Argon


I love archives. I  love the smell of old paper and the thrill of going through old documents and stumbling on a treasure trove of information. I love to look at old photographs and what they tell us about the way people lived and how they thought. And it breaks my heart when I see these wonderful pieces of our history crumbling away through the ravages of pollution, time, and damaging storage environments. An archivist once told me that one day, as he worked among the stacks of an old film collection, he could literally hear the films flaking apart all around him. He said it sounded like it was raining.

Argon is one of the noble gases. As with most noble gases, it is chemically inert and does not form bonds with other elements which makes it an ideal medium in preservation efforts because it refuses to react with any other substance. When the National Archives and Records Administration built the Charters of Freedom display for the  Declaration of Independence, the Constitution, and the Bill of Rights in the new rotunda at the National Archives Building in Washington DC, it built argon-filled titanium cases to display these pricelss pieces of our history.

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Helium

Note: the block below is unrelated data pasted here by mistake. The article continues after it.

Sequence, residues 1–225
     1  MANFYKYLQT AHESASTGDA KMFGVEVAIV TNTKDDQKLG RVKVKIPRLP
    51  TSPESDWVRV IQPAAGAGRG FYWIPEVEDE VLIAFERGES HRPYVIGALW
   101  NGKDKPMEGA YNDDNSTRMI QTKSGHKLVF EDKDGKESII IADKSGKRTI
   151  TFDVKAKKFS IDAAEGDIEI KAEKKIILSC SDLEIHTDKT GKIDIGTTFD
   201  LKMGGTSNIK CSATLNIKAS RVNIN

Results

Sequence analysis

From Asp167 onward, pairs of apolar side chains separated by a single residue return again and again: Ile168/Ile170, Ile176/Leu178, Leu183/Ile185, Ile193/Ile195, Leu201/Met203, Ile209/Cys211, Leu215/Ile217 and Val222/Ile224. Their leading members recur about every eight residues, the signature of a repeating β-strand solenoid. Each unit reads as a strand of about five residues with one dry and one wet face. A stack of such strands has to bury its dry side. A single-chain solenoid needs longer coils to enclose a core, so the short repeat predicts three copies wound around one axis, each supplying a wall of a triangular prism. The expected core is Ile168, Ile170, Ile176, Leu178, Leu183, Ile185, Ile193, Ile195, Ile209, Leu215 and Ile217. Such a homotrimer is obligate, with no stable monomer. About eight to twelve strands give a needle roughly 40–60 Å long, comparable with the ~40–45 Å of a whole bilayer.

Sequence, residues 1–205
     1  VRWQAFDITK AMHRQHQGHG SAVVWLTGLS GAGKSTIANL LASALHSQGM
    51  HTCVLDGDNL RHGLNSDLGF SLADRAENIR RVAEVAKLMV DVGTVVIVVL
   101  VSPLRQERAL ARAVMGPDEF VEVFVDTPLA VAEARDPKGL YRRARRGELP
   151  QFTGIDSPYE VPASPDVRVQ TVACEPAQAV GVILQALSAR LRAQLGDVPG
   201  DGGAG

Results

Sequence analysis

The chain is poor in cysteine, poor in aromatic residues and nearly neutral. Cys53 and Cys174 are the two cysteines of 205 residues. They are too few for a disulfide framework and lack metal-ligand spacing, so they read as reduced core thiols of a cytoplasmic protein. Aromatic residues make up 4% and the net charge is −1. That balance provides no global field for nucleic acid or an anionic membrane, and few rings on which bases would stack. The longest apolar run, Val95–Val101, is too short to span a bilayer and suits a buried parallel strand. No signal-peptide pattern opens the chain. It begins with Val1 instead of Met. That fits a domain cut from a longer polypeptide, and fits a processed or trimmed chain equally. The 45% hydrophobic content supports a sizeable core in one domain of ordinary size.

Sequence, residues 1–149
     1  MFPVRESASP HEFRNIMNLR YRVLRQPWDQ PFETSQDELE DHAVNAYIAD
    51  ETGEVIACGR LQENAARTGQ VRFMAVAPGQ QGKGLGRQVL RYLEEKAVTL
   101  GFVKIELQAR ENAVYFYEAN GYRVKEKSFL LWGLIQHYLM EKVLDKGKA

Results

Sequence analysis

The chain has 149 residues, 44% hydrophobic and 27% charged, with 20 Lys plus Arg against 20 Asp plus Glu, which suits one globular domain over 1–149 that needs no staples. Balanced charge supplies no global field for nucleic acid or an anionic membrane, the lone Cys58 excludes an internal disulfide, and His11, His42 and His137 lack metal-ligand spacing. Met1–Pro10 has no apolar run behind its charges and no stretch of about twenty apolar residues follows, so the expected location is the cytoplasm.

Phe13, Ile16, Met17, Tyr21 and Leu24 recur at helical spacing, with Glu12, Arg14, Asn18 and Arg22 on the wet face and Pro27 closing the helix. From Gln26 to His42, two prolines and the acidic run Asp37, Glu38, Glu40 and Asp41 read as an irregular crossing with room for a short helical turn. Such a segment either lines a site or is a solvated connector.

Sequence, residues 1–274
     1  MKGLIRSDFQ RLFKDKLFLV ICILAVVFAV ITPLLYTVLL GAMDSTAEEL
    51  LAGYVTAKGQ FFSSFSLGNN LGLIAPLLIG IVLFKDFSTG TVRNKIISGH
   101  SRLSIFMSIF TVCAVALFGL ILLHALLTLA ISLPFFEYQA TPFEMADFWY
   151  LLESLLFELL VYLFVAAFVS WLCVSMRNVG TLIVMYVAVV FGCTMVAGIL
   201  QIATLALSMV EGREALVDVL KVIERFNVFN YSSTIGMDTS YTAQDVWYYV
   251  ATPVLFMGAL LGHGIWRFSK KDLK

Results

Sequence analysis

I pouted when I got helium. Balloons – boring. Blimps – yawn. What else could I use as an image to communicate the properties of helium? Lighter than air is tough as a visual image. So I did a little digging. Helium heads up the noble gas group on the table. It has the lowest boiling and melting points of any element. While rare on earth, it makes up 24% of the mass in our galaxy, second only to hydrogen – bingo! There’s my image. The idea that space is full of helium triggered my love of the enhanced space images from the Hubble telescope.

This close-up shows the design created by first discharging, then painting, dyeing, and embellishing what was originally a solid navy fabric. As the image grew, I loved it more and more. The last step after quilting was to throw a spangle of sparkling sequin stars across the firmament.